Whole Foods Market: A Risky Bet Without The Right Acquirer

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Whole Foods Market, Inc. (NASDAQ:WFM) somehow forgot to continue building its competitive advantage and have a firmer grasp of its supply chain, all the time when the organic food space was expanding to have included many traditional grocers, big and small, that have no problem to source organic foods of their own. Suppliers of organic foods have also seen seismic changes in their operations with big, publicly traded food companies buying out independent organic growers. This ultimately changes the dynamics of organic food supplies and presents a challenge to Whole Foods’ sourcing ability.

It’s a totally different business environment that Whole Foods finds itself in today, making it that much harder for the company to once again stay on top of everything. Chances are slim that Whole Foods can chart a new course in the current marketplace all by itself through internal reform. Investors have to get used to the idea that an independent Whole Foods may never get back to its heydays. But who should be the outside help? And that’s the point of contention. We believe that a private equity firm with ownerships of a range of organic growers is the right acquirer for Whole Foods.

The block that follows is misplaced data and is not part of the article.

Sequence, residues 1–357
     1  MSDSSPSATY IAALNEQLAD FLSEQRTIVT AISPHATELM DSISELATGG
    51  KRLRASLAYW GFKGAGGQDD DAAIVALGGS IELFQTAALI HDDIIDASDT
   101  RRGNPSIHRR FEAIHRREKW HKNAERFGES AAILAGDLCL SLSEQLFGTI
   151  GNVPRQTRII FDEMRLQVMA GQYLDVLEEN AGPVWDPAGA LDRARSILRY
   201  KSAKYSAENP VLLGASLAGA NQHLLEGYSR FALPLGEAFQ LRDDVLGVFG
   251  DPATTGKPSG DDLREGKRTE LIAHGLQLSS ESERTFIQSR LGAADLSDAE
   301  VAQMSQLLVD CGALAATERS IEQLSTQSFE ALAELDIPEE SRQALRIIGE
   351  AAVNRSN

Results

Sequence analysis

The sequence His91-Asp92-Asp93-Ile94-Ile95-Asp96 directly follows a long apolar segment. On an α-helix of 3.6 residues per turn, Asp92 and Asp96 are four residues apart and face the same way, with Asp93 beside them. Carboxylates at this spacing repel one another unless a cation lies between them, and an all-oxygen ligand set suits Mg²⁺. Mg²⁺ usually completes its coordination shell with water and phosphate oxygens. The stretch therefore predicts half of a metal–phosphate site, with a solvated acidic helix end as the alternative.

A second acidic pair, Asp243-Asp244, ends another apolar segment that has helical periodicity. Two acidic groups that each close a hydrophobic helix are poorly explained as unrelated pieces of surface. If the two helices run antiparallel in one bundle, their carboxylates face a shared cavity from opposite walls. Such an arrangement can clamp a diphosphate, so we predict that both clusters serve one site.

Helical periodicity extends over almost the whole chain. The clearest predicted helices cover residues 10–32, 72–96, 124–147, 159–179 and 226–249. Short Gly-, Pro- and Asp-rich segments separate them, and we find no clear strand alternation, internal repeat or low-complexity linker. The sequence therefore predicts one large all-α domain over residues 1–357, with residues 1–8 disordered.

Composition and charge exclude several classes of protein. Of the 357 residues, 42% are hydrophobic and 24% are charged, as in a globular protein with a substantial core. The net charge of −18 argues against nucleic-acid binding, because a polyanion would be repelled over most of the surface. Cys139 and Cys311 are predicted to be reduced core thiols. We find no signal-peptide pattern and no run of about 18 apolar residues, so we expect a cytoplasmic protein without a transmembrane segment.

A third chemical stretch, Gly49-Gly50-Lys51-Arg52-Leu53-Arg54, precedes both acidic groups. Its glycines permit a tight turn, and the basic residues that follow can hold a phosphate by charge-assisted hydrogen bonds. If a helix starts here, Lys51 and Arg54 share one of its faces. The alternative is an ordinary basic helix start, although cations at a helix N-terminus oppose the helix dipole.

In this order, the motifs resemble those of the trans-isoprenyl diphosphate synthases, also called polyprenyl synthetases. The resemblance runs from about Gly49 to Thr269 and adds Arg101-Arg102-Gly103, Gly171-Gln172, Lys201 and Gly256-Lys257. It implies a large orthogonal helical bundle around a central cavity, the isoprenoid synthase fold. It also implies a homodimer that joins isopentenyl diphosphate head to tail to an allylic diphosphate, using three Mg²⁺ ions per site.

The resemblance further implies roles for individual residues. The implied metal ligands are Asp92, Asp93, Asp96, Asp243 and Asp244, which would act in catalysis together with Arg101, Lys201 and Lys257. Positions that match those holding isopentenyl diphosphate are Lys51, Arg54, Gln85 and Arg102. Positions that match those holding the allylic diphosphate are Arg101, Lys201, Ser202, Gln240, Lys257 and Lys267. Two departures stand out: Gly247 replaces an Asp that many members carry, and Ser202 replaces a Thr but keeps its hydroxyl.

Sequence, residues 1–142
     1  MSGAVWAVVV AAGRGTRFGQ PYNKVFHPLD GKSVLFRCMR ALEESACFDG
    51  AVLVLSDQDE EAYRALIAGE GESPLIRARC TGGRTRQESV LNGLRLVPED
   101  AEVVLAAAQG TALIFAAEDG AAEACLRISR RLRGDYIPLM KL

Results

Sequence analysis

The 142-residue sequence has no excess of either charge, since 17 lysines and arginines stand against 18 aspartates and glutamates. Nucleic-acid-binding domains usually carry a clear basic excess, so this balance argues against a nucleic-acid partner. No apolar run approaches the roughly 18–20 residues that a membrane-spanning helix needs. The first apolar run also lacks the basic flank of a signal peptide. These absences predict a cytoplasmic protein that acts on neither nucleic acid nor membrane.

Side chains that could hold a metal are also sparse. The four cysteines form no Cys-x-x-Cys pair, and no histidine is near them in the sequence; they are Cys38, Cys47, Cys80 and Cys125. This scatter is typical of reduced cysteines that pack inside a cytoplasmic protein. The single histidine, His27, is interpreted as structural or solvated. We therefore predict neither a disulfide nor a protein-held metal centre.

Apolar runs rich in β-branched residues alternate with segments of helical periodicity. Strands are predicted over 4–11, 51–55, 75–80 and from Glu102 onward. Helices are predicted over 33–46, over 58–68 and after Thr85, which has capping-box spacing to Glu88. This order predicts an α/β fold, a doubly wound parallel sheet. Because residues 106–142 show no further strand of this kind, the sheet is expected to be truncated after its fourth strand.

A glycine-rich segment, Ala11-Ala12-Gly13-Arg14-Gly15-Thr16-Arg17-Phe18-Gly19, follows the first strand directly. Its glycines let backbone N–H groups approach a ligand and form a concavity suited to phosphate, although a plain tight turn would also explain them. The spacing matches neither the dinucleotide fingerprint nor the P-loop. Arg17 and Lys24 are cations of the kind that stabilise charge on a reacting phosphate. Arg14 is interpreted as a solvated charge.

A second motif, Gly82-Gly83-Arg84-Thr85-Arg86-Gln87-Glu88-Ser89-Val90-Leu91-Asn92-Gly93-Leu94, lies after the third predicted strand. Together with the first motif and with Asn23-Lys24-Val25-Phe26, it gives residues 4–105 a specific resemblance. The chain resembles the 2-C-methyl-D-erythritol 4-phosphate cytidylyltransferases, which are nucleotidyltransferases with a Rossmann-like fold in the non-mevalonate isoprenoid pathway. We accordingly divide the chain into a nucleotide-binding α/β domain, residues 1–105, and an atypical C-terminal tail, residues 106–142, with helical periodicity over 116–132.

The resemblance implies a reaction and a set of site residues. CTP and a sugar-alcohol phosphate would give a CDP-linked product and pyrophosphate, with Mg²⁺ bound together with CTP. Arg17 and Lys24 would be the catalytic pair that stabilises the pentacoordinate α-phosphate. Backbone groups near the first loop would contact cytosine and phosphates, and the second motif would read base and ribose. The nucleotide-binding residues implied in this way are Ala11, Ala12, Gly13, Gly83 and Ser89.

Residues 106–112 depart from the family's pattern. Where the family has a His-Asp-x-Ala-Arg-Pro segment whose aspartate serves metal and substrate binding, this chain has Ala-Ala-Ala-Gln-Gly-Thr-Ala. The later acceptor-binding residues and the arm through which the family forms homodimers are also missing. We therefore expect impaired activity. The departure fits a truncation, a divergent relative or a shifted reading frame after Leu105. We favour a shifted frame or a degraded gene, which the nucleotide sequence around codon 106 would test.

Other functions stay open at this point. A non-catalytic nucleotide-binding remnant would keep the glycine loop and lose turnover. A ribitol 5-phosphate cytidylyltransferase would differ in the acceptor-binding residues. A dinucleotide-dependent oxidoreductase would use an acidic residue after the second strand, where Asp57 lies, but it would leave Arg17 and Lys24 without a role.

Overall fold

Forget about a takeover by another food retailer such as Albertsons (NYSE:ABS) or The Kroger Co. (NYSE:KR), both of which have been mentioned in a potential Whole Foods acquisition. Whole Foods doesn’t need another supermarket chain to show it how cost-effective using centralized buying can be when sourcing organic food supplies. The reason Whole Foods has had a region-by-region sourcing system, despite its resulting higher costs, is because it serves the company’s desire to have locally produced foods with regional flavors and creativity.

It’s only a matter of company policy to change from regional sourcing to centralized buying. Whole Foods may choose to do to cut down on costs. Albertsons or Kroger or any other grocer doesn’t hold the secret about how to source cheaply from national suppliers. The upside is probably limited to economies of scale if Whole Foods is acquired by a competitor with parallel operations. It doesn’t really address Whole Foods’ weakening competitive positions, that is, having lost its exclusiveness as an organic retailer. The problem can be solved only by strengthening Whole Foods’ supply chain and building exclusive relationships with its suppliers.